In response to Peter Pemantell’s question, the only nurse I remember Dr. Ceppi having was Blanche Gladding. She was always so sweet.”
The Jamestown Book Discussion groups will meet at the library Monday at 7 p.m. and Tuesday at 1 p.m. to discuss “Out Stealing Horses” by Per Petterson. Summer hours are now in effect at the library. It will be closed on July 3 and 4. Sunday hours have ended and will be resumed on September 13. Summer Saturday hours are 10 a.m. to 2 p.m.
...........I tell myself that I’m so happy to be loving you
There are few things as fascinating as reading old newspapers. Soon one realizes that some things never change. A copy of the Jamestown Town Crier for August 14, 1926 was left at the Press office last week. It was published on Saturdays and it cost 5 cents.
Front page stories included a long feature on the Carr Homestead, built in 1776; the Jamestown Garden Club’s cooperation in helping to abolish billboards; the Cotilion at the Jamestown Casino was an innovation and greatly enjoyed by the younger dancers; the Women’s Auxiliary of St. Matthew’s Church held a successful bazaar; and the Mother’s Gridley Auxiliary, No. 11, United Spanish War Veterans of New Bedford was entertained by Mrs. Jessie Tefft at her home on High Street.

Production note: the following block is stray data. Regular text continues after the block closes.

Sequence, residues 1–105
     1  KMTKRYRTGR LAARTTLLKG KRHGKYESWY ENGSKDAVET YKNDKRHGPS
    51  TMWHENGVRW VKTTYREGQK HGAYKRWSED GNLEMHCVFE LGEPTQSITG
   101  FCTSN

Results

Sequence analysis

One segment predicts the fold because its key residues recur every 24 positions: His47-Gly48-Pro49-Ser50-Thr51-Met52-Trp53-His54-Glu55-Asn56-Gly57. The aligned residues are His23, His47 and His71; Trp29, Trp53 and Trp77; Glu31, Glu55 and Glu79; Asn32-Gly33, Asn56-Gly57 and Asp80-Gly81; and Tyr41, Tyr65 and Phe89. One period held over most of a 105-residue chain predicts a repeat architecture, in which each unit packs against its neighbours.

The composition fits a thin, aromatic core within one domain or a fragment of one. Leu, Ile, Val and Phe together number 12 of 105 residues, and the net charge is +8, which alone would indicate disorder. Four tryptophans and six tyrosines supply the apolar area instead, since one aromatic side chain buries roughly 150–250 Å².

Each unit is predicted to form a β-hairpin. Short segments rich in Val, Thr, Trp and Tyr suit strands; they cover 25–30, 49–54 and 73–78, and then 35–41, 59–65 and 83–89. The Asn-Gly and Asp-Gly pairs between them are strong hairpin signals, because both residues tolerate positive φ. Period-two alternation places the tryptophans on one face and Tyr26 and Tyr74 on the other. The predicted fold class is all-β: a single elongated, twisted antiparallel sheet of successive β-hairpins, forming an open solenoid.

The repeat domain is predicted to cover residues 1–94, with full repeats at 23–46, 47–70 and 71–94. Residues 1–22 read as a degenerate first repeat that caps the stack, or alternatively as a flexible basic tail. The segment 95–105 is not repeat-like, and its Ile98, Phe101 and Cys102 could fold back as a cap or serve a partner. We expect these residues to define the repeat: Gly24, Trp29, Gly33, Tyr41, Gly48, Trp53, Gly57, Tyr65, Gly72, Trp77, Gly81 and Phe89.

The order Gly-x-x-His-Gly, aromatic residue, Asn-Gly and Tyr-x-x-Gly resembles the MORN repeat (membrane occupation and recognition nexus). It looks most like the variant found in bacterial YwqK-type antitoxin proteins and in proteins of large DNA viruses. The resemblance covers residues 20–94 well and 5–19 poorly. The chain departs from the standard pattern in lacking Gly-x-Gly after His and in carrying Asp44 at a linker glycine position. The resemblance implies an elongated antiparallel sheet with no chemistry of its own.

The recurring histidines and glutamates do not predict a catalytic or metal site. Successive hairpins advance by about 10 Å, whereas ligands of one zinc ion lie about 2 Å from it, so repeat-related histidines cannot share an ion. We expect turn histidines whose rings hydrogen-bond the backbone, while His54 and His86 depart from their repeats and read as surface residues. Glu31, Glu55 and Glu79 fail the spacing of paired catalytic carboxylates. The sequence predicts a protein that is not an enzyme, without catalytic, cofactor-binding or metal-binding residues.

Personal mentions included: Mr. and Mrs. W.H. Knowles had been visiting Mr. and Mrs. Edwin Knowles and have left by motor for Cleveland, Mr. and Mrs. Jamieson and their daughter, Cornelia, were here for the summer at the Merrill cottage on Clarke Street, Mrs. R. MacDonald had returned from a two weeks visit in Boston and Mr. Clarence King spent the day in Providence.
On page 8 was a poem by J.C. Drome entitled “It Isn’t Your Town It’s You.”
If you want to live in the kind of a town
Like the kind of a town you like,
You needn’t slip your clothes in a grip,
And start on a long, long hike.
You will find elsewhere, what you left behind-
There is nothing that is really new;
It’s a knock at yourself when you knock at your town,
For it isn’t your town, it’s you.
Real towns are not made by men afraid
Lest someody else gets ahead;
Where everyone works and nobody shirks
You can raise a town from the dead.
And if while you make your personal stake
Your neighbor can make his, too
Your town will be what you want it to be,
For it isn’t your town, it’s you.
Henreee, Henry............Coming mother!
June is National Candy Month.
*** Be true!
Call in your stuff to 423-0383 or 829-2760 or e-mail us at jtnwalrus@ hotmail .com. Thank you.